Follow The TED Commandments


The TED talks have become a cultural touchstone of creativity, passion, and innovation. Each TED event brings an opportunity to hear from extraordinary people who are up to extraordinary things. Each TED speaker, it has been said, receives a list of The TED Commandments to help them put together a speech that will be successful on the TED stage. (That’s them, in the picture. They come on a slab of rock. F’real.)

Being that these talks are often some of the most engaging, informative, and creative presentations going, I thought it would be good to cover each of The TED Commandments in detail. For the next few days, I’ll be running a series of posts, each featuring information on two or three of the ten TED Commandments. But first, a list of all of them:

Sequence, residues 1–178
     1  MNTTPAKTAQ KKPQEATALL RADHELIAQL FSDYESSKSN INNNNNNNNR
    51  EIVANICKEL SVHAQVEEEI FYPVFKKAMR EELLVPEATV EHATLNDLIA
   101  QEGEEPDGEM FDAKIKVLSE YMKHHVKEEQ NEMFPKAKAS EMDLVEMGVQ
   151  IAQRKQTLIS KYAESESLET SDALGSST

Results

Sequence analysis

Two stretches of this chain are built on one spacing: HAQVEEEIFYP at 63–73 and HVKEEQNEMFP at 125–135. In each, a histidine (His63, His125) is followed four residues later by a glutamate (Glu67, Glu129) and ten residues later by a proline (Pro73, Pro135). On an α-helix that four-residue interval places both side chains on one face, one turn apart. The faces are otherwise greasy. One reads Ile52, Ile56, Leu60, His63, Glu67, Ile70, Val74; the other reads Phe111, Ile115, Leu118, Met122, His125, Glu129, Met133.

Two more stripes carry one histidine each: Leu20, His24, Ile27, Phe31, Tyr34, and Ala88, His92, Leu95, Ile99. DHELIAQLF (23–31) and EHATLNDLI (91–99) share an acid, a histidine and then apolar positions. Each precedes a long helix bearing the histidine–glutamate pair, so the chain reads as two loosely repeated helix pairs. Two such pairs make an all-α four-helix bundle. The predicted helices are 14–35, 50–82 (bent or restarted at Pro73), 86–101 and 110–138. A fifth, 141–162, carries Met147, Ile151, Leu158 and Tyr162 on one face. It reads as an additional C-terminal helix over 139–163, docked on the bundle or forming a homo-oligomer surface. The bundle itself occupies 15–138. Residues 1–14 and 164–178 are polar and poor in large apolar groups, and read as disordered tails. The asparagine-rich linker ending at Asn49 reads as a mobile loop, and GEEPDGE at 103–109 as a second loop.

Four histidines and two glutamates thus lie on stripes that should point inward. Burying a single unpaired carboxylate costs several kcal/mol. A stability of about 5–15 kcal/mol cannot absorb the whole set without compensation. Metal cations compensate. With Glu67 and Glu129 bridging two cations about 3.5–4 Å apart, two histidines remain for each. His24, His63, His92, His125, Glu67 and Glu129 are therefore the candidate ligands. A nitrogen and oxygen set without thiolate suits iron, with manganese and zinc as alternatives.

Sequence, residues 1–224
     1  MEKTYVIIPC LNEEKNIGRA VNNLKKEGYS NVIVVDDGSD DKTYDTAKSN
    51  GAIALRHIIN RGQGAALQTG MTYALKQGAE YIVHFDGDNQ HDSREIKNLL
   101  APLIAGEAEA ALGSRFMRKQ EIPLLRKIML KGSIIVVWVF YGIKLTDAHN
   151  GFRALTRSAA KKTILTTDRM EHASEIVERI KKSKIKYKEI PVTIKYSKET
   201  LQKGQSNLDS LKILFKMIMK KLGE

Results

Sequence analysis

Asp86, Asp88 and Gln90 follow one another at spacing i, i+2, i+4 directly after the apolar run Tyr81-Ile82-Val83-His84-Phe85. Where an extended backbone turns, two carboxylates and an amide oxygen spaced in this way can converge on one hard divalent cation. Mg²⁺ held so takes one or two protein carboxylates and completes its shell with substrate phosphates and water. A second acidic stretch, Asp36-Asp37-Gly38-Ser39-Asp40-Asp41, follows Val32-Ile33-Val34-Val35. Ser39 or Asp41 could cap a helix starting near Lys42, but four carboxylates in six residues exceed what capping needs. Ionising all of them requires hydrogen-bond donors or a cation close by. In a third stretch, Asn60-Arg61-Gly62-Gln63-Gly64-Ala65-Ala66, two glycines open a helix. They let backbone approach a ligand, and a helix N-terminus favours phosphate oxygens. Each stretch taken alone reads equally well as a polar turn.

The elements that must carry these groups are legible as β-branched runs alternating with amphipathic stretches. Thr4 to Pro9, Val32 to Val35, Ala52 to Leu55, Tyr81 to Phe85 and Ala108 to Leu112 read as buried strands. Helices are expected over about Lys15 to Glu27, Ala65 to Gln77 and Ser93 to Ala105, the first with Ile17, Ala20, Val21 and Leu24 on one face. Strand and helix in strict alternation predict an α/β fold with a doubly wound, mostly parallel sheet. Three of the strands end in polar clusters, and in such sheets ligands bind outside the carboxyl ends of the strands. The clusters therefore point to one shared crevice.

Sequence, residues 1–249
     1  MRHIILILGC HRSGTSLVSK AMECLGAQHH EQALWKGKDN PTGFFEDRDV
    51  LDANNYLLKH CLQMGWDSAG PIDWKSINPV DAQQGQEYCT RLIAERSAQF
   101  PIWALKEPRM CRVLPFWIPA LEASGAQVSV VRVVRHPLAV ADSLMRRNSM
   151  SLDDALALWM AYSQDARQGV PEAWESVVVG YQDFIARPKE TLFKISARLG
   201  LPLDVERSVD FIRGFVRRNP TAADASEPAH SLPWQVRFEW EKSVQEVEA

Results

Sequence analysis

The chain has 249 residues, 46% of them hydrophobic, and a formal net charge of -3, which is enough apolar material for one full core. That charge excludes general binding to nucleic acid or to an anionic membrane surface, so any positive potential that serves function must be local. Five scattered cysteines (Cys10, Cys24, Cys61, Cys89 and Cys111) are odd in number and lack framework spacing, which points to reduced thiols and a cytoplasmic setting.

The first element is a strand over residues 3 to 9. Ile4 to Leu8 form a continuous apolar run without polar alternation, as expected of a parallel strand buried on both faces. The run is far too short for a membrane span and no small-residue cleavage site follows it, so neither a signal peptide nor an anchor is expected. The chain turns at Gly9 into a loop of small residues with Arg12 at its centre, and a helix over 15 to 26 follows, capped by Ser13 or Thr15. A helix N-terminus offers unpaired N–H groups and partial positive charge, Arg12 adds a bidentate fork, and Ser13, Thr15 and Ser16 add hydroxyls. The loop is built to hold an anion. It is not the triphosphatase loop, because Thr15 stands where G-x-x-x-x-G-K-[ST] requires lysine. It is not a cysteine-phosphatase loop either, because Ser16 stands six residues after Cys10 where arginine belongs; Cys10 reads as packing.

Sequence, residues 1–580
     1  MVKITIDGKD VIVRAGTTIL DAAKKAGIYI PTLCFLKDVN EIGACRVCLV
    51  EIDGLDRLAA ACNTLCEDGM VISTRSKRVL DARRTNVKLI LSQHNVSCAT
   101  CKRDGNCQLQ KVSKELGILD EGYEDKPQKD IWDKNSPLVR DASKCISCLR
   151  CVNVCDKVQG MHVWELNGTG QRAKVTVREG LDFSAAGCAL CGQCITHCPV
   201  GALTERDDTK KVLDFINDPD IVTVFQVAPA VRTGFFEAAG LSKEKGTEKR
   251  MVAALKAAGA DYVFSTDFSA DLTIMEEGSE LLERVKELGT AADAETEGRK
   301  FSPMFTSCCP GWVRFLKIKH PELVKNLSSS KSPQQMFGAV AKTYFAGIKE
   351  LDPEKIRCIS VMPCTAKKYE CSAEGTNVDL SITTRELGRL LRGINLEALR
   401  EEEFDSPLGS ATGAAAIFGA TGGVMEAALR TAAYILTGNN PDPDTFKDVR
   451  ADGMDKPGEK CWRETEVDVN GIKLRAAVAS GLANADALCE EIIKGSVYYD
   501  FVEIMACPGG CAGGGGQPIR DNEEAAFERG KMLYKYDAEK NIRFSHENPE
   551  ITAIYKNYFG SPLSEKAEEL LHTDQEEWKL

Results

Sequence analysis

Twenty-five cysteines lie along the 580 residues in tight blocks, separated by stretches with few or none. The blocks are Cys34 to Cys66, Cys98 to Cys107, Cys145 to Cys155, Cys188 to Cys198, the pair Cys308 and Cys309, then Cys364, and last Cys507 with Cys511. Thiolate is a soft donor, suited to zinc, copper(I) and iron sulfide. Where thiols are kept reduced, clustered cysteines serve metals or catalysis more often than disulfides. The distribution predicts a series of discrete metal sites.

1. Thou Shalt Not Simply Trot Out thy Usual Shtick
  2. Thou Shalt Dream a Great Dream, or Show Forth a Wondrous New Thing, Or Share Something Thou Hast Never Shared Before
  3. Thou Shalt Reveal thy Curiosity and Thy Passion
  4. Thou Shalt Tell a Story
  5. Thou Shalt Freely Comment on the Utterances of Other Speakers for the Sake of Blessed Connection and Exquisite Controversy
  6. Thou Shalt Not Flaunt thine Ego. Be Thou Vulnerable. Speak of thy Failure as well as thy Success.
  7. Thou Shalt Not Sell from the Stage: Neither thy Company, thy Goods, thy Writings, nor thy Desperate need for Funding; Lest Thou be Cast Aside into Outer Darkness.
  8. Thou Shalt Remember all the while: Laughter is Good.
  9. Thou Shalt Not Read thy Speech.
  10. Thou Shalt Not Steal the Time of Them that Follow Thee.

We’ll talk about what makes each commandment important, and how to bring it to bear on any presentation you do.

What do you think? Let me hear it in the comments!